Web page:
Having been in more than a hundred medical-marijuana dispensaries in the Puget Sound region makes it a little more difficult to be blown away by a shop’s physical space, stock of medicinal products, and customer-service experience, but Ballard’s Green Ambrosia did just that on my recent Sunday visit.
The first time I checked in with them, last June, they were a delivery-only service, and I was impressed with both the quality of their strains and their customer service. While they still deliver, they’ve thankfully extended that thoughtfulness to their new storefront, open since mid-February.
Although the place was “very liquor store-looking” when they started to moving, according to founder Dante Jones (who knows a lot about cannabis), they’ve imbued it with a much warmer vibe. Easy access is available for wheelchair-using and disabled patients, and you’re definitely made to feel welcome. In fact, if you buy an eighth or more, you’ll be invited to toss a few beanbags; if you sink one in the target on a Friday, you’ll get a free gram. (Sinking three bags of four on some other weekday also wins you a Green Ambrosia T-shirt.)
That thoughtfulness shows in every detail, from the shop’s expansively welcoming wide-open space (at 5,200 square feet, reportedly Seattle’s largest) to its well-stocked shelves, with good selections of clones, concentrates, excellent medibles, smoking supplies, reading material, and of course plenty of beautiful cannabis flowers. Those flowers are mostly $12 a gram, with a couple of $15 strains, a few $10 varieties, and a bargain $7 strain, Mr. Nice.
Budtender C.J. was an excellent and affable guide through the 15-strain flower menu, helping me select Cactus, $12, a trichome-encrusted hybrid strain, and Cotton Candy Kush, $15, a sweetly skunky indica. (I also revisited Firecrotch—relax; it’s not a social disease, but rather a fondly remembered couchlock indica.)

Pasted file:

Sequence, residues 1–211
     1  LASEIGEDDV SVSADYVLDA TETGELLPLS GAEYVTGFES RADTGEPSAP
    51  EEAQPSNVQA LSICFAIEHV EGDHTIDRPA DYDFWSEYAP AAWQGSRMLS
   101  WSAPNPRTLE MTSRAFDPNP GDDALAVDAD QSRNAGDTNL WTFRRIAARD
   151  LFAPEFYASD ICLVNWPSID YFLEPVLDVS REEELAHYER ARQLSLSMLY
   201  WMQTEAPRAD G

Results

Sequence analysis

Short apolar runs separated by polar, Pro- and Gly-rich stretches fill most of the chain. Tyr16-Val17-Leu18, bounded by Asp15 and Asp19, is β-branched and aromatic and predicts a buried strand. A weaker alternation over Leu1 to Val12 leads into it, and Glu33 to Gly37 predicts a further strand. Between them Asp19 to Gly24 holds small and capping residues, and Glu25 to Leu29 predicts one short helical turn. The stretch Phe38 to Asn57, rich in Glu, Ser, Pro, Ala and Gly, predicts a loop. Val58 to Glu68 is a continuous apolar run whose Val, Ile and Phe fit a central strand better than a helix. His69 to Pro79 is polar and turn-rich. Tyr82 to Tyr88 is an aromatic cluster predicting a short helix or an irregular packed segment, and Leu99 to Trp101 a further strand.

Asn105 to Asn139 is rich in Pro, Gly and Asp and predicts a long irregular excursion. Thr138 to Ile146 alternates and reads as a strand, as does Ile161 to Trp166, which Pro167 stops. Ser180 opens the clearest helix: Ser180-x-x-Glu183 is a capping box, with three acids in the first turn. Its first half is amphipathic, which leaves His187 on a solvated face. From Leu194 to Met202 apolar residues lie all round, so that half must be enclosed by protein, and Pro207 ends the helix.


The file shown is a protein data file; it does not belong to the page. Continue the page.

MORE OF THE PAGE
Cactus got its name because its flowers bear a certain resemblance to a prickly-pear cactus in miniature, especially if you have a poetic bent and have already smoked some of the stuff. I’m unfamiliar with its genetic background, but the flowers have a hint of sour diesel. The strain is quite potent, making it a good morning or midday smoke for pain, nausea, and anxiety relief.
Cotton Candy Kush is as sweet as its name indicates, and that sweetness carries a satisfying indica wallop, smothering pain under a thick cottony blanket of THC. Bred from a combination of Afghani and Blueberry genetics, the flowers are beautifully fuzzy with an alluringly thick carpet of sticky trichomes, and they yield their indica-heavy charms within two or three tokes. While I am generally uncomfortable with $15-a-gram prices, I do have to grant that CCK is better than the average $10 strain found in Seattle shops.
(Home growers, don’t miss the clone-transplant class every Sunday morning at 11 a.m.)
Steve Elliott edits Toke Signals, tokesignals.com, an irreverent, independent blog of cannabis news, views, and information.
GREEN AMBROSIA 7730 15th Ave. N.W., 496-2345, greenambrosia.net. Storefront: 10 a.m.–6 p.m. daily. Delivery: 10 a.m.–7 p.m. daily.